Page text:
Stock markets swing in volatile trading after Wall Street rout
European stocks came under fresh bouts of pressure in another day of hectic trading across global markets.
London’s FTSE 100 swung throughout the morning session as volatility continued to pulse through stock indices. The London blue-chip benchmark was flat by late morning on Tuesday, having opened 3 per cent higher before selling off. The European composite Stoxx 600 was also level after rising as much as 3.5 per cent earlier in the session.
S&P 500 futures pointed to gains of 1.4 per cent at the open on Wall Street. They had switched between positive and negative during the trading day, at one point implying a 4 per cent rise.
Investors had warned that any rebound would be shortlived without firm indications that Europe and the US were bringing the coronavirus outbreak under control. The health crisis has brought activity in large parts of Europe to a virtual standstill, and there are lingering questions over how effective monetary and fiscal policy can be to mitigate its effects.
Jim Reid, a strategist at Deutsche Bank, said that “the impact of the various western world shutdowns will mean that at its peak the Covid-19 impact on the global economy will likely be worse than the peak of the financial crisis.”
The UK was set to outline a rescue package for businesses on Tuesday, while France promised a €45bn economic aid package as it forecast its economy would contract this year.
John Woods, Asia-Pacific chief investment officer at Credit Suisse, said despite the recent sharp losses he was still not recommending to his clients to re-enter equity markets without signs of stronger fiscal measures. “The knife is still falling,” he said.
Earlier, Asia-Pacific markets rose in another volatile session. Australia’s S&P/ASX 200 stock index jumped 5.8 per cent after plunging nearly 10 per cent a day earlier. Japan’s Topix was 2.6 per cent higher after earlier falling as much as 3 per cent.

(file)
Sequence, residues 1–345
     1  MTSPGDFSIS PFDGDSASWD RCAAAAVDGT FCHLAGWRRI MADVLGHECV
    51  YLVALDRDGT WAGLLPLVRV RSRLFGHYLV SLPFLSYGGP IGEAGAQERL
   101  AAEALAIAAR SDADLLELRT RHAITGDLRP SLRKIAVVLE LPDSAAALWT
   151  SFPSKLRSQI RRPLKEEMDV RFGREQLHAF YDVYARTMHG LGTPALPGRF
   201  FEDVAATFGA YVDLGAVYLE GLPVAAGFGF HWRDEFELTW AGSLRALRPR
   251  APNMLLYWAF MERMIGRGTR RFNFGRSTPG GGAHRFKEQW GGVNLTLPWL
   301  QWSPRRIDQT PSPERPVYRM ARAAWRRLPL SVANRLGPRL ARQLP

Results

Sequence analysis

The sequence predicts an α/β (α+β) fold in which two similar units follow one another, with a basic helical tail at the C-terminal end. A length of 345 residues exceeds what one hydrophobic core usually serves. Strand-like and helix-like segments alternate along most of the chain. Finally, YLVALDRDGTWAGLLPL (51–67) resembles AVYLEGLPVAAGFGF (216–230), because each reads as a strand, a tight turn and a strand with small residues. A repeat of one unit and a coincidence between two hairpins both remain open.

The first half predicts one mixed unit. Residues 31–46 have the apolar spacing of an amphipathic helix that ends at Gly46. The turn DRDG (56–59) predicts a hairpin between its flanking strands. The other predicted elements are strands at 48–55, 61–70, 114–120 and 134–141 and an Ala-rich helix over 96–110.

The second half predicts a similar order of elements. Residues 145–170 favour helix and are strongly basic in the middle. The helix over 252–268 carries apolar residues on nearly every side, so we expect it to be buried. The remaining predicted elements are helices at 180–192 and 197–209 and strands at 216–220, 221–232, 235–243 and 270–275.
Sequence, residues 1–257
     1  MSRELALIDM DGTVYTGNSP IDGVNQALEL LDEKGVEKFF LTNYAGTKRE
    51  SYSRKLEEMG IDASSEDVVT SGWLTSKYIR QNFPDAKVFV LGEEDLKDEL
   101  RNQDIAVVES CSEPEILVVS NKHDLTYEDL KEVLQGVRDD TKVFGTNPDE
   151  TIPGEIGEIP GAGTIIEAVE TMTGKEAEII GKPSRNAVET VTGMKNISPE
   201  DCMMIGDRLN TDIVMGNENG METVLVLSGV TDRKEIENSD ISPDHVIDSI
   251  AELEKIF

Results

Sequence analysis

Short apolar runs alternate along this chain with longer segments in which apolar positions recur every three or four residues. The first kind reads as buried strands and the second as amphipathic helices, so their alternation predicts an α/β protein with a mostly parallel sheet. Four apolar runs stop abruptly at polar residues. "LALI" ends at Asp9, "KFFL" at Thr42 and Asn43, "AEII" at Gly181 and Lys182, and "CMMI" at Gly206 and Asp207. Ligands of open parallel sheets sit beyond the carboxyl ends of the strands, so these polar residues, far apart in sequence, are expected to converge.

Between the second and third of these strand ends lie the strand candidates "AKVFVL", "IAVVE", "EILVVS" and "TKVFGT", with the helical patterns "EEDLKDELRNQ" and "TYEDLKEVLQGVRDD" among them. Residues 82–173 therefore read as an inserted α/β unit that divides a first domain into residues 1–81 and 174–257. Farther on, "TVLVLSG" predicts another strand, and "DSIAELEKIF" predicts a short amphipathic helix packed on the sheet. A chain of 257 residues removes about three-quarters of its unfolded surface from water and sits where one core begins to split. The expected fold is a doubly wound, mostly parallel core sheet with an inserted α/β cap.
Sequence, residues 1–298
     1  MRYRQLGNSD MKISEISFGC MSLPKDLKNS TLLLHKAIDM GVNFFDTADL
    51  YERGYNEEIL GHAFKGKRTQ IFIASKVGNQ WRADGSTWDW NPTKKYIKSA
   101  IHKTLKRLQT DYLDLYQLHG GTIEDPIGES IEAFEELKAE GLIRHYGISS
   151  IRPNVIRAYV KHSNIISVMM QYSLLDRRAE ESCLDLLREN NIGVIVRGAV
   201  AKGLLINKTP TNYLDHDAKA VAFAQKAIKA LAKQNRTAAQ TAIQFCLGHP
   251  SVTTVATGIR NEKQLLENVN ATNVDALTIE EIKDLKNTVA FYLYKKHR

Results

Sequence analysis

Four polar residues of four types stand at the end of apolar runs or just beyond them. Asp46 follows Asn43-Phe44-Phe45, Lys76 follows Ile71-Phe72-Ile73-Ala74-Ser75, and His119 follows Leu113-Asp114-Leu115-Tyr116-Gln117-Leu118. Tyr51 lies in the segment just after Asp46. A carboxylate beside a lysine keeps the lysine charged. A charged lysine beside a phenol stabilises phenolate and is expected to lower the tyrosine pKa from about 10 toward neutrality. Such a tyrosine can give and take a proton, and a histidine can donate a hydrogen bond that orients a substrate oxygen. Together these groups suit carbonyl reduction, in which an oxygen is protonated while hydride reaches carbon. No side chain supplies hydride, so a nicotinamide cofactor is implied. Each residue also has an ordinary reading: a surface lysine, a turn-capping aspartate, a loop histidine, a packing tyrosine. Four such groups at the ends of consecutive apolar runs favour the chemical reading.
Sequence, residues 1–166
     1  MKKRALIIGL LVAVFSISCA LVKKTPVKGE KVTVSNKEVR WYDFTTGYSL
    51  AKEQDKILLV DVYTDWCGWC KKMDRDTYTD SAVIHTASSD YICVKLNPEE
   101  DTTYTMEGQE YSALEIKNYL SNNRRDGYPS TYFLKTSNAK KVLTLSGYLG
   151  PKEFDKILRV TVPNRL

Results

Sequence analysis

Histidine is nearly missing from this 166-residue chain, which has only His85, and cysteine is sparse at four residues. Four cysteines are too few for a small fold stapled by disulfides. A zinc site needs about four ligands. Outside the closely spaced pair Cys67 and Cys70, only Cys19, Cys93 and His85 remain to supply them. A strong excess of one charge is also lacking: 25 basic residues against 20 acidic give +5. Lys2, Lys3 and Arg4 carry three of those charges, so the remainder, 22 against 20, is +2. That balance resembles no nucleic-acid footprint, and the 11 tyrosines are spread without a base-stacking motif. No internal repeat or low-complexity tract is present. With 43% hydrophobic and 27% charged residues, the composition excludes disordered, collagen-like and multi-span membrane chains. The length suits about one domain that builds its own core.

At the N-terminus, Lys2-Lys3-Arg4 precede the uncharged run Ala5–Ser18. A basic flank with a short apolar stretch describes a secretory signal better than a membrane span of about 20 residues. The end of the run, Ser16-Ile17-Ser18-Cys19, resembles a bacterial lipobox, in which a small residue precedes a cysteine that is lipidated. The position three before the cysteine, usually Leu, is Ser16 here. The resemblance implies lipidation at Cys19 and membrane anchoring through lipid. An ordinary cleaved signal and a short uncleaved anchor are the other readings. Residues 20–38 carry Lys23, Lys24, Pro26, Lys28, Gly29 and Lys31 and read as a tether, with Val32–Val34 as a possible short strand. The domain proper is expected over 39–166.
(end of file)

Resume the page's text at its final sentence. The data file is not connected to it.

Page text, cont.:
Overnight, the S&P 500 plunged 12 per cent in its biggest one-day fall since Black Monday in October 1987 as the US and other countries tightened restrictions on public movements to curb the spread of the virus. Many global stock indices have fallen into bear markets due to concerns the coronavirus will lead to a global recession this year.
Traders in Tokyo said the reports of stimulus from the White House had fuelled speculation that the US was “one step closer” to the kind of stimulus package investors wanted to see.
But Mohammed Apabhai, head of Citi’s Asia-Pacific trading strategies group, said investors were increasingly concerned about a credit crunch in Asia’s corporate sector. “The equity sell-off is morphing into something much more serious. We now have three or four crises happening at the same time.”
Moves such as the Federal Reserve’s one-percentage-point rate cut are “welcome, but it’s not enough”, he said.
On Monday the BoJ said that it would buy as much as ¥12tn per year of exchange traded funds to help stabilise markets.
“You have got some buying in here based on the view, however unfounded, that the BoJ is going to buy big to protect the 1,200 line on the Topix [which is currently trading around 1,240]. I think the market is going to test a lot of these theories in coming days,” said one broker at a large domestic house.
The Japanese yen, a haven during times of market uncertainty, weakened 1 per cent to ¥107 per US dollar. The 10-year US Treasury yield rose 0.09 percentage points to 0.816 per cent. Yields rise as bond prices fall.
Sterling fell 1.5 per cent to below $1.21, extending a slide that has seen it fall by more than 10 cents over the past week.
Deutsche Bank analyst Oliver Harvey said that the currency is highly sensitive to souring mood in markets, which means that “sterling underperformance is likely to continue as long as market conditions remain stressed.”
Brent crude, the international oil benchmark, was trading at about $30 a barrel having dipped below that mark overnight for the first time in four years.
Still, analysts warned that the worst was yet to come for the global economy. “Recession for many economies is unfortunately likely,” said Richard Yetsenga, chief economist at ANZ.